The concept that, at eleven years of age, a test can fairly decide what education a child can, and should have, has been questioned many, many times, for example, Sir Michael Wilshaw, the previous HMCI stated if you have and promote grammar schools you do, by default, create and promote a two-tier education system.

And if a two-tier system is created, articulate and more affluent parents will strive to ensure they do their best to see that their child is privately tutored and has the best chance of gaining a place in a grammar school. I struggle to see how this aids social mobility and ensures that all children are treated equally.

My concerns include:

· 70% of children will not go to a grammar school.

· The cost of tutoring for the eleven plus is not very accessible for disadvantaged parents.

· There is no sanction for grammar schools if they fail to include disadvantaged pupils. And does this actually happen anyway?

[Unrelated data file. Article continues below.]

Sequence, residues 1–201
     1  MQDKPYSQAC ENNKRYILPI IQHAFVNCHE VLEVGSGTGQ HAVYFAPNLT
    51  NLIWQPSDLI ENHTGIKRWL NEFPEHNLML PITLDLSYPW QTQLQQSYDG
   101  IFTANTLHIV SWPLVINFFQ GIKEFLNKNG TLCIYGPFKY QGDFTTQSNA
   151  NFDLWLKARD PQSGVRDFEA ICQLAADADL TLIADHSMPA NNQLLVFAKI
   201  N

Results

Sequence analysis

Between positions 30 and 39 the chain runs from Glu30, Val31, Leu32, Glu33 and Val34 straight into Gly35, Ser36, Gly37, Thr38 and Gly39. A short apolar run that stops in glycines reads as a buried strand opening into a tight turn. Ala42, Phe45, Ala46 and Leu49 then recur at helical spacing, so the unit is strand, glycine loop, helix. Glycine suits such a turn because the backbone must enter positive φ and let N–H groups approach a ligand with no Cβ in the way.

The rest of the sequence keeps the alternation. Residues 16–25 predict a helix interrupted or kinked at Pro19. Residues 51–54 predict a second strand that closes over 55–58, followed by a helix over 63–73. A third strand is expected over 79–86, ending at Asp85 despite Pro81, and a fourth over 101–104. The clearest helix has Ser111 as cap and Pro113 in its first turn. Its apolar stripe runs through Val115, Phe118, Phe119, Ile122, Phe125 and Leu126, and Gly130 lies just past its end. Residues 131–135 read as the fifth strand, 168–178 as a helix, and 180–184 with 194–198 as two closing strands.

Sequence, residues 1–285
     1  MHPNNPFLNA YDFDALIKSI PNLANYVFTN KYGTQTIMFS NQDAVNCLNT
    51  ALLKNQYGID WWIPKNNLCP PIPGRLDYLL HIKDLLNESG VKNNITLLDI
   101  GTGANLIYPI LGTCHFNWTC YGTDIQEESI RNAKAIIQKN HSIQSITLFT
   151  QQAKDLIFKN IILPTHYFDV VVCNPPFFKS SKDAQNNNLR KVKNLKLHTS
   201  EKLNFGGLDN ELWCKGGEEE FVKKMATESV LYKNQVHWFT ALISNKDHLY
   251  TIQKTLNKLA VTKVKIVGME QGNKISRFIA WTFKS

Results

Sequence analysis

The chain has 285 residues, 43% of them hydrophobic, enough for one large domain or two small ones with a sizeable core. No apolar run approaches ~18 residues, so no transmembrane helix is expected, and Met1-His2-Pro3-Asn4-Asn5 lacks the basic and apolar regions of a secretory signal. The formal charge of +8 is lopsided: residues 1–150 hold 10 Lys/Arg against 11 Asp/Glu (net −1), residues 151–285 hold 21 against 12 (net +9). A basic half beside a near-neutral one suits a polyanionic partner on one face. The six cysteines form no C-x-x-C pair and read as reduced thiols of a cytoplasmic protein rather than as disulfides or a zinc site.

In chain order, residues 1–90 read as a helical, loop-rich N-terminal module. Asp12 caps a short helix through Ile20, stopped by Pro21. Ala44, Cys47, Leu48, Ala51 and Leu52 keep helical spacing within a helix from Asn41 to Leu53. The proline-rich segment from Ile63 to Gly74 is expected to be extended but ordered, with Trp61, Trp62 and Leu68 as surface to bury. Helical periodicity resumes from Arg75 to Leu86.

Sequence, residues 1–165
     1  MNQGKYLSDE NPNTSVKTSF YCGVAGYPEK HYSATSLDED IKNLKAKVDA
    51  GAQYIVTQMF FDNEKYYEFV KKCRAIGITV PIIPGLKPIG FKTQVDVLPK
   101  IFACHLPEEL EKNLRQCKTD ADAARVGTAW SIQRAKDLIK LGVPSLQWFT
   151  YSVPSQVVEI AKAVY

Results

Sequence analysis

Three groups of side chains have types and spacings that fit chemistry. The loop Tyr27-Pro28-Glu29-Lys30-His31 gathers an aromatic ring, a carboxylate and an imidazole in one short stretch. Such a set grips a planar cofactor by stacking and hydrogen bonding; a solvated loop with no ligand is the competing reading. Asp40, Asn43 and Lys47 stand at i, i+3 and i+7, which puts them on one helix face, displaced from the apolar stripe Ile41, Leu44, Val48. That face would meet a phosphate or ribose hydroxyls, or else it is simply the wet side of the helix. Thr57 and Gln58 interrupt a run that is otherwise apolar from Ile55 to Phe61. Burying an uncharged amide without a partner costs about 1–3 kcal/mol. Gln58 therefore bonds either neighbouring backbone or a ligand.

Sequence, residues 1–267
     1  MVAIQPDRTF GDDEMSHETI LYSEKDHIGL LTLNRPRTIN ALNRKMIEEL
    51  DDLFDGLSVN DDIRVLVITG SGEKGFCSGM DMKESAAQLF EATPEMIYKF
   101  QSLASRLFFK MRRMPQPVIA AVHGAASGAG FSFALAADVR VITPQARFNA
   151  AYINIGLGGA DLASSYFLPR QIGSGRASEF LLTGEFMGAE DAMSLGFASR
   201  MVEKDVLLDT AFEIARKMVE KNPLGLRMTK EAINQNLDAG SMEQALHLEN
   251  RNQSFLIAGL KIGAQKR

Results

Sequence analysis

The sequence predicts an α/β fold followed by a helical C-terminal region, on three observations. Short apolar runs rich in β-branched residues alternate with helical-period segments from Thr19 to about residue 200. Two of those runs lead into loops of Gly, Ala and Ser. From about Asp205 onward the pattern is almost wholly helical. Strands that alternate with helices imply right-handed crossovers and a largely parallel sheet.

· I have no doubt there will be extra funding for grammar schools to ensure success whilst other non-selective schools will struggle with ever tighter budgets and the loss of the students who will now go to the grammar school.

I recall the incident where parents in King Edwards grammar school in Birmingham rejected the notion of disadvantaged pupils getting into their school, “The grammar schools are a jewel in the crown of Birmingham and we believe the changes (this change was more disadvantaged pupils at the school) mean it is no longer aiming for the highest possible academic standards”. (Daily Mail, December 2018). This exposes a crude social belief about disadvantaged children; that they do not have the same potential or capacity for maintaining academic excellence as the tutored grammar school children.